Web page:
I am going to try to contact them about releasing the JAUS standards. Otherwise, it is probably worth considering the requirements for a telemetry and control protocol for people building their own UAVs and ground robots. At minimum it should support a high density format for transmission via ham radio where bandwidth is at a premium, and a more flexible TCP/IP based protocol where bandwidth is plentiful.

Sunday, July 26, 2009

Weekend Links

Here is an interesting resource for programmers to ask questions and post answers.

This presentation provides a good introduction to the basics of the GNU autotools for build management.

Waf? Waf! I guess most software problems have a solution written in python. At least it isn't SCons.

I am sticking with autohell for now but I think CMake will win if they can get their test infrastructure with CTest working well and a little more clearly documented.

Friday, July 24, 2009

This New Lab: Almost Done

I am almost finished setting up the new laboratory. Now I just need to unpack and organize all the robot parts.

Wednesday, July 22, 2009

Circle Detection with OpenCV

The documentation for OpenCV is getting pretty good, I was able to get circle detection working via cut and paste pretty quickly. However, I suggest adding a cvWaitKey(0); to the end of the example code so that you can see it actually running.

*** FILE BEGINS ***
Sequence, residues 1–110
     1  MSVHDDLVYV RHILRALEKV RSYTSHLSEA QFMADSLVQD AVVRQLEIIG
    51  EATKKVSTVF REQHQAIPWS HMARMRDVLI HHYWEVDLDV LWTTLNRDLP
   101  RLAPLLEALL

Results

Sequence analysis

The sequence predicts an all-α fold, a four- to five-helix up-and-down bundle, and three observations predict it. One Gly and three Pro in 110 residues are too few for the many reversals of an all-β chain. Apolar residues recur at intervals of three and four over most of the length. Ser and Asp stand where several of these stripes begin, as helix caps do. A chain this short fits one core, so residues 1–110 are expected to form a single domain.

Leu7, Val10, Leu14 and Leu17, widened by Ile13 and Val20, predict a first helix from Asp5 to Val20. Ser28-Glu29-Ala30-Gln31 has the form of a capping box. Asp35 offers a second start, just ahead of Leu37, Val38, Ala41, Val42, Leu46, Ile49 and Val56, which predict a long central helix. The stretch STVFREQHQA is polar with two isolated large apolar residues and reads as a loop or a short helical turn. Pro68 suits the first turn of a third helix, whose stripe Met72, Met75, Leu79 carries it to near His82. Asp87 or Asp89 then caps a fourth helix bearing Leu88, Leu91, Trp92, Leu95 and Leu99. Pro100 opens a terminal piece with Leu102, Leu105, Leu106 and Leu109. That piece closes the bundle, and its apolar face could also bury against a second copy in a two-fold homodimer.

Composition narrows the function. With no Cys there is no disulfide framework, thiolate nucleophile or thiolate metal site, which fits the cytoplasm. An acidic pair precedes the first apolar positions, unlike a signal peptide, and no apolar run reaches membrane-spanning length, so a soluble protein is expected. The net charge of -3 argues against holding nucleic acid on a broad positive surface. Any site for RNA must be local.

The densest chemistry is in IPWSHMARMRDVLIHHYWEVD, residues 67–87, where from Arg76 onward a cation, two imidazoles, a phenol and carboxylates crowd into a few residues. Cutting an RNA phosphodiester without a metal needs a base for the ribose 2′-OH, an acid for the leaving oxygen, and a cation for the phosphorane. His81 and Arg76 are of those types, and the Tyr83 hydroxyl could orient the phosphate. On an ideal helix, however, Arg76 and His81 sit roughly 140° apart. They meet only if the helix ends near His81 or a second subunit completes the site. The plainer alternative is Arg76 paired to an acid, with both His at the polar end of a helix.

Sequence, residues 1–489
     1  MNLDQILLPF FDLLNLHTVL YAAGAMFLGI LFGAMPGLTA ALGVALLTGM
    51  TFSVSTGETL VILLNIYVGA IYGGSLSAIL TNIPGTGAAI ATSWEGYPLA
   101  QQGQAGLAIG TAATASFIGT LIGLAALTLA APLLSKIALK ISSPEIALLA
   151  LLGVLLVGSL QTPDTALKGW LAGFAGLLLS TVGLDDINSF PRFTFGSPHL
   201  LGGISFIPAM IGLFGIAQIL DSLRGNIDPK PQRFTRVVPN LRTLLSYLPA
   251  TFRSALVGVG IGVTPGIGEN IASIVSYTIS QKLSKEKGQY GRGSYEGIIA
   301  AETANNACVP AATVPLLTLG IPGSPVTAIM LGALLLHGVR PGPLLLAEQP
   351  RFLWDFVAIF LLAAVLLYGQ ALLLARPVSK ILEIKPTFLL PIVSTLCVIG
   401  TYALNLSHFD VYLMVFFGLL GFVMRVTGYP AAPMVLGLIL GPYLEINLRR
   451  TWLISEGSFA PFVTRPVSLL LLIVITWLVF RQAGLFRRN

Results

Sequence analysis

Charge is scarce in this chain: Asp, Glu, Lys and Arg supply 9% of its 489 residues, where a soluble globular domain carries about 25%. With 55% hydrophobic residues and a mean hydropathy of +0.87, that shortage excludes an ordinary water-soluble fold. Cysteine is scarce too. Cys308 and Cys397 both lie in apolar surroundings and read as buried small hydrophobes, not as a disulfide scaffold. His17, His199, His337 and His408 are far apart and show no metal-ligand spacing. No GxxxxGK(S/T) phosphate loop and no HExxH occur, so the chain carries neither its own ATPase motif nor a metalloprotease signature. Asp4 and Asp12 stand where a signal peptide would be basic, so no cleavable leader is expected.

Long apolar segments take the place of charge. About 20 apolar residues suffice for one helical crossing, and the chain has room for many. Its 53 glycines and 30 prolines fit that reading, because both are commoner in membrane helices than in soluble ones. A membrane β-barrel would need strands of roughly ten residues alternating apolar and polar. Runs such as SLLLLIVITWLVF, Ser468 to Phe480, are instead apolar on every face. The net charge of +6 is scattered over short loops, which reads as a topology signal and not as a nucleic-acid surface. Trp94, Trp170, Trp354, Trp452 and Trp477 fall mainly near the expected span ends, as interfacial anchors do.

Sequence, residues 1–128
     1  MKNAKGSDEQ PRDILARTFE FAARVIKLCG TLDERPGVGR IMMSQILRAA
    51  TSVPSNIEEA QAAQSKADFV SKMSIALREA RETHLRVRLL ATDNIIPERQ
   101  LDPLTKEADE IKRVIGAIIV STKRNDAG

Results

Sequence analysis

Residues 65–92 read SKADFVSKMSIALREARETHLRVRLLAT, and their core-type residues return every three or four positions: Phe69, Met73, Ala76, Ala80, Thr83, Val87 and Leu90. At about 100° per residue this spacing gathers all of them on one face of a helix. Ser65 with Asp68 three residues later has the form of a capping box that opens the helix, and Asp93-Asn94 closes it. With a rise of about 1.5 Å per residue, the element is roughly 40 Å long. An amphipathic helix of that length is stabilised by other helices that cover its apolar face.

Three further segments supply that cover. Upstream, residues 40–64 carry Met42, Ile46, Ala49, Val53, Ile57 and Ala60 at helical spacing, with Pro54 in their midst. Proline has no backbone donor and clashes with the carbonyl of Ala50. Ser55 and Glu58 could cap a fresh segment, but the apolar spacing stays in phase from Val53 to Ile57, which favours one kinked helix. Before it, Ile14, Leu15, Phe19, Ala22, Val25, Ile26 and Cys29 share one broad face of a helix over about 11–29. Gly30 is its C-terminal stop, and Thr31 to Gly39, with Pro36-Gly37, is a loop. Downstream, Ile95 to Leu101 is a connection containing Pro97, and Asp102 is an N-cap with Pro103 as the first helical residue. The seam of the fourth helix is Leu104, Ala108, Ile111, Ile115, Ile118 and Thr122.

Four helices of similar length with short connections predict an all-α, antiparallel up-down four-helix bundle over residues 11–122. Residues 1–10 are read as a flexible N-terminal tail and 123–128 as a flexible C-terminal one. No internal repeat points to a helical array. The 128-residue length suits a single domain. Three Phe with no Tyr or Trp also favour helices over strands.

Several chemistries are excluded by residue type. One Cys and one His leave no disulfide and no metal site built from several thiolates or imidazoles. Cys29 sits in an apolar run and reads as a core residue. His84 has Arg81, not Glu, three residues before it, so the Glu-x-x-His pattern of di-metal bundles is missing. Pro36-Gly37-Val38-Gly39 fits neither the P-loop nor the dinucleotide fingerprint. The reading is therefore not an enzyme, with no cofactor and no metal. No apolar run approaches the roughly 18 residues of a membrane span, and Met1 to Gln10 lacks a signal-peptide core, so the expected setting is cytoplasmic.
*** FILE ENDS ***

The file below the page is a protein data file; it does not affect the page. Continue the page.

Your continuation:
Also it looks like the accumulator for the Hough transform used by cvHoughCircles() only looks for maximas along the X and Y axes of the parameter space so concentric circles will not be detected as separate circles.

Update:This series of tutorials on integrating circle detection into ROS using OpenCV may also be useful.

Insert pun here

Pictured here is a proof of concept model of a compliant grasping mechanism.

Tuesday, July 21, 2009

Cool Tool: Static Electricity Remover

Protect your robot parts by using a static electricity remover. I wonder how effective this is compared to a grounding strap.

Monday, July 20, 2009

Delta Robot

Here is a cool video of a delta robot powered by an Arduino performing pick and place functions with an electromagnet.